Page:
How much more miserable could this day become?
At the USA-Canadian border, her car had been thoroughly searched, and her identification had been run through computers. She’d been talked down to by surly customs officers, even though she’d done nothing wrong. Once released from her informal interrogation as to where, when and why, why, why she wanted into Canada, her poor little car had overheated three times—something it never did before.
It was time she stopped feeling sorry for herself. There was a Help Wanted poster in the window right in front of her. If the ranch didn’t pan out, if it was nothing but scrub grass and sage, she could always get a job.
A pitiful moan escaped her lips. No, she couldn’t. She was in another country. She wasn’t allowed to work here. She’d have to drive all the way back into Washington to get a job, and she didn’t have enough cash in her pockets to get there. She’d actually be forced to beg in order to get back into the good ole’ US of A.
The wind hadn’t lessened a fraction since she’d been sitting there, but she was in a hurry to get this over with. She needed to know how to find Hangman’s Way. Her map—a six-year-old, used Rand McNally atlas—didn’t show little side roads that led to nowhere but more side roads and sand.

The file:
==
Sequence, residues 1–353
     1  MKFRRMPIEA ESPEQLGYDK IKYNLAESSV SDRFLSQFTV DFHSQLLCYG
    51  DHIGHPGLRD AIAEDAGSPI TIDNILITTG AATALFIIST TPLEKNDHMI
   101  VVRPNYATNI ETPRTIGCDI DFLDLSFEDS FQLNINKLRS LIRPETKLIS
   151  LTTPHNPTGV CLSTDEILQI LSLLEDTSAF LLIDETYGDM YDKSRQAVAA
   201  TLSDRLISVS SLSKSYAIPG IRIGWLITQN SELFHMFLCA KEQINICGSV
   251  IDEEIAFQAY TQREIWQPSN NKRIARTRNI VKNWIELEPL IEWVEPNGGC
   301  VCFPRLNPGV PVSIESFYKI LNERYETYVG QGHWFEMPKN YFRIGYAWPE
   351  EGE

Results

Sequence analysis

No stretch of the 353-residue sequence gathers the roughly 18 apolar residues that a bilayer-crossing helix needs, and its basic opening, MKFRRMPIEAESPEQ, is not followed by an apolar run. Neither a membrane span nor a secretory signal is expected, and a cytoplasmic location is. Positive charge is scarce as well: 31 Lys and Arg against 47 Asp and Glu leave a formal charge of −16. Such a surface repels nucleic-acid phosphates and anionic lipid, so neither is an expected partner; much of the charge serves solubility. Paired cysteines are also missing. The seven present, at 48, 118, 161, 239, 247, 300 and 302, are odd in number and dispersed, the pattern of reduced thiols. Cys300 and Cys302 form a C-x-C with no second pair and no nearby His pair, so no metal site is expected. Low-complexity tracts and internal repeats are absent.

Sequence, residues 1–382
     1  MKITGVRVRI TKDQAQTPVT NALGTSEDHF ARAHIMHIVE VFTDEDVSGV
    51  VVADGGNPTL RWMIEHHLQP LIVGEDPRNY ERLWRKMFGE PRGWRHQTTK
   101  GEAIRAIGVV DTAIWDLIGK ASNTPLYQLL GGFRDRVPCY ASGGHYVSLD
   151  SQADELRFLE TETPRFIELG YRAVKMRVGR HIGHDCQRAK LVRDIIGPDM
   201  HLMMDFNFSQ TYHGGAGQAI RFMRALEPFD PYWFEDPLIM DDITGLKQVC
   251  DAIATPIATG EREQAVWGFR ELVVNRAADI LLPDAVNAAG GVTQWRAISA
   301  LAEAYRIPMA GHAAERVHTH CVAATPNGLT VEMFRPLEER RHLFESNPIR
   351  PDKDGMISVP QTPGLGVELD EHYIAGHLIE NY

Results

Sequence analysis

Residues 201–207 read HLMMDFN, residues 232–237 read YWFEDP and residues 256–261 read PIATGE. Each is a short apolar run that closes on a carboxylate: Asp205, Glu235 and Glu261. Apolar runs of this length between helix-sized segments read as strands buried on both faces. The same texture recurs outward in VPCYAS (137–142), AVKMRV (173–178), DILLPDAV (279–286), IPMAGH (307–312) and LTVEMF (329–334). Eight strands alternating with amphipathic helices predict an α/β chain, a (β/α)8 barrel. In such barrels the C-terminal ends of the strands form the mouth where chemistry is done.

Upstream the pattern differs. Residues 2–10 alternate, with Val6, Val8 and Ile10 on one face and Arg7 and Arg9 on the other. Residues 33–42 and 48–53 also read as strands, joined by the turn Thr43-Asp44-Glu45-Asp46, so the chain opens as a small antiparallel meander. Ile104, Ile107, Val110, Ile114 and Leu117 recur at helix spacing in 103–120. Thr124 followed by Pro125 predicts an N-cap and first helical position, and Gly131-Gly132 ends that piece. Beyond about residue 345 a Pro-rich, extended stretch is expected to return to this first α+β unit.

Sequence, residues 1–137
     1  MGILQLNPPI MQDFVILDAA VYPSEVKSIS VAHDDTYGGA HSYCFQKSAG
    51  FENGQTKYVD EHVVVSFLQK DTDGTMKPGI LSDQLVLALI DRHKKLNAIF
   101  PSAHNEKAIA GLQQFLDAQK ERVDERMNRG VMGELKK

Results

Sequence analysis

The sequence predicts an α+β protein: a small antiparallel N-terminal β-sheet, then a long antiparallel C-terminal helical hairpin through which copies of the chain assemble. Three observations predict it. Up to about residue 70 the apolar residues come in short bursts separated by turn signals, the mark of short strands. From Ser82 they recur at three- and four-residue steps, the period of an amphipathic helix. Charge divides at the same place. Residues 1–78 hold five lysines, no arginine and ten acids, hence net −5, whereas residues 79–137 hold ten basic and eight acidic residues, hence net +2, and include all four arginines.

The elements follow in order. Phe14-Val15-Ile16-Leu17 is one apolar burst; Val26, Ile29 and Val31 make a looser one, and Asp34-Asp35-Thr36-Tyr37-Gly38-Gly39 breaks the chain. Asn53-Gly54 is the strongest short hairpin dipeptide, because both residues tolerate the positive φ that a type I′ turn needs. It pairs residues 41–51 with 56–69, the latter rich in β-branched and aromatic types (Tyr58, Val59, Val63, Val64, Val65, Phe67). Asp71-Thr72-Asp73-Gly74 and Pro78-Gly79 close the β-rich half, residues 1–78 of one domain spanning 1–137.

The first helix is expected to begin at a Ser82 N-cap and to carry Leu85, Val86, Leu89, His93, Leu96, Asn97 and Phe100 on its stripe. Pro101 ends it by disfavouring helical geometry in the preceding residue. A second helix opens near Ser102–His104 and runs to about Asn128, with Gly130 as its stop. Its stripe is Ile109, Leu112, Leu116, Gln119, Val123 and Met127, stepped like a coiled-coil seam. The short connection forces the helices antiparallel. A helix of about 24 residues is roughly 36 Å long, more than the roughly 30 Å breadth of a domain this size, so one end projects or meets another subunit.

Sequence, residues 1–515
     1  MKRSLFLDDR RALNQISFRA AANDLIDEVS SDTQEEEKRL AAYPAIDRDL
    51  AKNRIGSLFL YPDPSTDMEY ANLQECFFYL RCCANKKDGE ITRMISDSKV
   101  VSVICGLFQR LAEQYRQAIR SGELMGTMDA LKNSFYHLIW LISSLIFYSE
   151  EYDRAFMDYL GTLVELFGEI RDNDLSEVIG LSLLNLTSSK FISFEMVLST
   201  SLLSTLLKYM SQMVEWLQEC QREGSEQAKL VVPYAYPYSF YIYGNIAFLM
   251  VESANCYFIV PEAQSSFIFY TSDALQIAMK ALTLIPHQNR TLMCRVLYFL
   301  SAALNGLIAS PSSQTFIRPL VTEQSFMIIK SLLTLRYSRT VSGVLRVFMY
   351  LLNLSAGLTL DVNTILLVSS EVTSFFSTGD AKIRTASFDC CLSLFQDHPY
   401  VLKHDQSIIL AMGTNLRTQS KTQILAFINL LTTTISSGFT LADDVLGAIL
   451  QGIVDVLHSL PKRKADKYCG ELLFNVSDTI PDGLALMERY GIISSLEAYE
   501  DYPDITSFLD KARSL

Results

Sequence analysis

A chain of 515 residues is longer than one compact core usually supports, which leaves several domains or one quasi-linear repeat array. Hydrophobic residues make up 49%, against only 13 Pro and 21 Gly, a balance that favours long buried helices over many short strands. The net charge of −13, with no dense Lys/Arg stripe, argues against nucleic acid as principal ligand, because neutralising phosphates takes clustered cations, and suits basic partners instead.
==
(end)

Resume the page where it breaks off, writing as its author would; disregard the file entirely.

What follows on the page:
Shielding her eyes with her hand against the blowing dust, she ran from the car into the gas station. The scenery inside wasn’t any less depressing than outside. A girl in red dreadlocks and a black outback hat leaned on the counter talking with a blonde girl behind the cash register. A guy with hair to his shoulders that needed a good washing stood up against the counter of a small deli pick-up window. He kept trying to involve himself in the girls’ conversation, but they ignored him. A man that looked older than the sandy hillsides sat on the other side of the small eating area sipping soup. Soup. When it was no less than ninety-five degrees outside. At least the little building was air-conditioned. Thank God for small mercies.
“Can I help you ma’am?” the girl behind the counter asked.
Cassandra cleared her throat and gripped her map to her chest. “I was wondering if you could tell me how to get to Hangman’s Way?”
The girl snapped her blue bubblegum and nodded. “Headed up to the Double H?” At Cassandra’s nod, the girl pointed back down the road. “Three kilometers south, right next to the road sign that says three kilometers to Cache Creek. Turn left.” Her gum snapped again. “Fourteen kilometers in or five big hills. Can’t miss it.”
Right where that dreadful, evil-eyed creature had run across her path. She gave a tiny shiver, but thanked the girl and moved off. As she pushed open the door to fight the wind back to her car, the girl called to her. “Say hi to Billy. He’s my brother.” Cassandra waved her acknowledgment.